Samoan court overturns ‘illegal’ attempt to quash landmark parliamentary session
A rare Supreme Court session on Sunday in Samoa paved the way for the Pacific island nation to hold a parliamentary session that is expected to confirm its first change of government in nearly four decades.
The court canceled a late announcement on Saturday evening by head of state Tuimalealiifano Vaaletoa Sualauvi which canceled Monday’s historic parliamentary session without explanation.
Her decision was challenged by the opposition FAST party, whose Fiame leader Naomi Mata’afa has the numbers to be installed as Samoa’s first female prime minister.
Following a cabinet meeting with FAST and the ruling Human Rights Protection Party (HRPP), Chief Justice Satiu Simativa Perese said the head of state’s announcement was “illegal”.
It is believed to be the first time that a tribunal has met in the religious nation on a Sunday, when almost all activities are closed.
FAST lawyer and former attorney general Taulapapa Brenda Heather-Latu told reporters the court issued an interim statement that it was illegal to prevent parliament from moving forward.
There has also been a standing statement that a court order last week rejecting an HRPP offer to prevent the opposition from taking power was “valid and legal,” she said.
“It was basically both orders. Our customers are ready to respond to anything that may arise, and continue to rely on the grace of God.”
A court clerk told reporters Attorney General Savalenoa Mareva Betham-Annandale “withdrew” from the cabinet meeting after being repeatedly invited by the chief justice to sit.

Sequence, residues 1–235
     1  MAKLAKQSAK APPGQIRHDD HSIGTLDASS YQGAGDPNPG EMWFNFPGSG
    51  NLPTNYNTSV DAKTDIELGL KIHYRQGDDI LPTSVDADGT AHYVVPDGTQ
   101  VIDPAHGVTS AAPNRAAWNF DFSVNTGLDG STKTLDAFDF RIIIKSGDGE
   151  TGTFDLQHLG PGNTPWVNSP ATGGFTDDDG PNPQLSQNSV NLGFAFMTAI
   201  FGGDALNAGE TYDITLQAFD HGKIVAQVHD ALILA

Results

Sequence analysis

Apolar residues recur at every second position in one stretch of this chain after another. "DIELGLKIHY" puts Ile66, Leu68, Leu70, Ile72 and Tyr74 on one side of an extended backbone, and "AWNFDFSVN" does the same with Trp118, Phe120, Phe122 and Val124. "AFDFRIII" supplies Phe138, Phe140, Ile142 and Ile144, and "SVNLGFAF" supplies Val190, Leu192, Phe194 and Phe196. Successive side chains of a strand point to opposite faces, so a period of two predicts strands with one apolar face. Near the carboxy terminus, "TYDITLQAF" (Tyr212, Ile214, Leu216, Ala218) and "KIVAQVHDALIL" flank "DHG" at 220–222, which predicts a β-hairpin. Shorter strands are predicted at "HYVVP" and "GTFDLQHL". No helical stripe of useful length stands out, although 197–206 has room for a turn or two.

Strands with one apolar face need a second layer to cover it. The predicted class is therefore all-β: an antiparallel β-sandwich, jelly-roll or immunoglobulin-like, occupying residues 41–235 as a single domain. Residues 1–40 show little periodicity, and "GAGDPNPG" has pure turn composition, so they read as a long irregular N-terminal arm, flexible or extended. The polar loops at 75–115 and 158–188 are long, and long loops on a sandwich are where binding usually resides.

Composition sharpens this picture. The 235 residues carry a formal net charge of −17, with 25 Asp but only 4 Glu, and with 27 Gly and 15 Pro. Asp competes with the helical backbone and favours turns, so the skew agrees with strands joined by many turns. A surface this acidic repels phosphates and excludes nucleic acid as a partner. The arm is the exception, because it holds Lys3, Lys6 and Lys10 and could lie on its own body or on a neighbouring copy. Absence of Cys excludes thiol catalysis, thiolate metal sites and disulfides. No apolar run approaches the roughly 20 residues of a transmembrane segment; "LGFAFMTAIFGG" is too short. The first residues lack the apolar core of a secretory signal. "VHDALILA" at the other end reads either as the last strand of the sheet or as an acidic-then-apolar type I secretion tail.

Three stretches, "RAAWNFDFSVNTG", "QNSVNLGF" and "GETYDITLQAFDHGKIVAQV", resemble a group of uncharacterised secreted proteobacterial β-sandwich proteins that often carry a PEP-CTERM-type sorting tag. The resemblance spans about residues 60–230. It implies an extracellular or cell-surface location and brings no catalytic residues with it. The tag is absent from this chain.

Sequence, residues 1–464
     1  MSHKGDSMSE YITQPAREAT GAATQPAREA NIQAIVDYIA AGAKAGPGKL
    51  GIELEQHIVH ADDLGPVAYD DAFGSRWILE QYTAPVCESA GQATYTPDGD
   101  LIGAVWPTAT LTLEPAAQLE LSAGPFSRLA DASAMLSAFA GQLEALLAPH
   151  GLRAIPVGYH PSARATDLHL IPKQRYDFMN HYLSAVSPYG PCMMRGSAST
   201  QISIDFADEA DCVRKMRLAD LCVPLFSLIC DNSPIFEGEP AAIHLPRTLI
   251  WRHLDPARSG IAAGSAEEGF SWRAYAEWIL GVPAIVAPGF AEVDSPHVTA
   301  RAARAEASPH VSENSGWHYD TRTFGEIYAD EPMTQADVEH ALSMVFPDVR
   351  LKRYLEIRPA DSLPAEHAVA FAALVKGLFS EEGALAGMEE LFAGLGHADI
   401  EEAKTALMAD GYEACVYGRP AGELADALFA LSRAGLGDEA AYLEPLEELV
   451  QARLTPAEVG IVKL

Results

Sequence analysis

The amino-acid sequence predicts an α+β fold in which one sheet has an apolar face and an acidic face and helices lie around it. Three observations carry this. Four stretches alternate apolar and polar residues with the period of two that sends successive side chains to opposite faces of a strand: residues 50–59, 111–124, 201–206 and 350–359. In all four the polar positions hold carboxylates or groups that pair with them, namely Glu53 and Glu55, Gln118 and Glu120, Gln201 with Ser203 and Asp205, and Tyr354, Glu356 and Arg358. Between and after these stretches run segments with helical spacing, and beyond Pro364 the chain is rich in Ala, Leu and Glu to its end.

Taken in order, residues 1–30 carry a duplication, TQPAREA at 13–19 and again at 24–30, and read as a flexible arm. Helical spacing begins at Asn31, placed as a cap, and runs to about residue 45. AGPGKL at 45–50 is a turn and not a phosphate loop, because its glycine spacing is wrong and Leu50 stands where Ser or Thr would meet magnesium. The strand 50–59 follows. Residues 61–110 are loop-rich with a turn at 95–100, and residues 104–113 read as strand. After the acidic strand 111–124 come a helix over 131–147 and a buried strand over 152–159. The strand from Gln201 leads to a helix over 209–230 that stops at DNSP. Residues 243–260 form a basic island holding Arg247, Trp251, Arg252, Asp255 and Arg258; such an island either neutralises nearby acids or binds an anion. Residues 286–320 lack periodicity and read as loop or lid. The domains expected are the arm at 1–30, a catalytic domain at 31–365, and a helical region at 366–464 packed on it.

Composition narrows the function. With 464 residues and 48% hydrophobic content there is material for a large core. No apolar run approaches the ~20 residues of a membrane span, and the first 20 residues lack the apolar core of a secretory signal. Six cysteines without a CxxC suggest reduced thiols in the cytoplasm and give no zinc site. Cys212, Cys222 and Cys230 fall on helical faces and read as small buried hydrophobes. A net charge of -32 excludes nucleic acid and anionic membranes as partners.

If parliament opens on Monday, it will end weeks of political uncertainty in Samoa since the April 9 general election, which ended with FAST and the HRPP locked at 25 seats each with an independent in parliament of 51 seats .
When the Independent sided with FAST, Prime Minister Tuilaepa Sailele Malielegaoi – who held the top post for 22 years – upped his numbers by adding an additional MP to his party under provisions setting the minimum quota of women in parliament.
He then persuaded Mr. Sualauvi to call a second election on May 21.
The courts overturned both measures and a panel of appeals judges on Friday rejected HRPP’s offer to stay the decisions.
Mr. Malielegaoi insisted that the HRPP still has the numbers to lead the nation of 220,000 people.
Ms. Mata’afa told the sitting chambers that court decisions should be followed.
“The refusal to accept defeat has gone from obstruction and defiance of the interim prime minister … to total disregard for the law,” she said.
“I expect Monday to be the dawn of a new day in our history.”
Samoa gained independence in 1962 after nearly 50 years as a New Zealand protectorate, and the HRPP has been in power since 1982, with the exception of a brief coalition period in 1986-87.
FAST leader Ms Mata’afa is the daughter of the first prime minister of the independent nation and is considered a pioneering feminist in the conservative and staunchly religious nation.
She was previously with the HRPP and was Mr Malielegaoi’s deputy until they argued last year over a series of controversial laws introduced by the government to control the judiciary.
She said last week that the HRPP had started to abuse its power after so long in power and it was time to make Samoa a functioning democracy again.
“I think what people are saying is that we haven’t had participatory government for a long time and they would like to be more involved in the governance process,” she told TVNZ.
She has previously criticized Beijing’s policies in the region and questioned a major Chinese port project in the island nation.
The Chinese Foreign Ministry on Thursday defended the project, saying it “would promote the development of the local economy and create jobs”.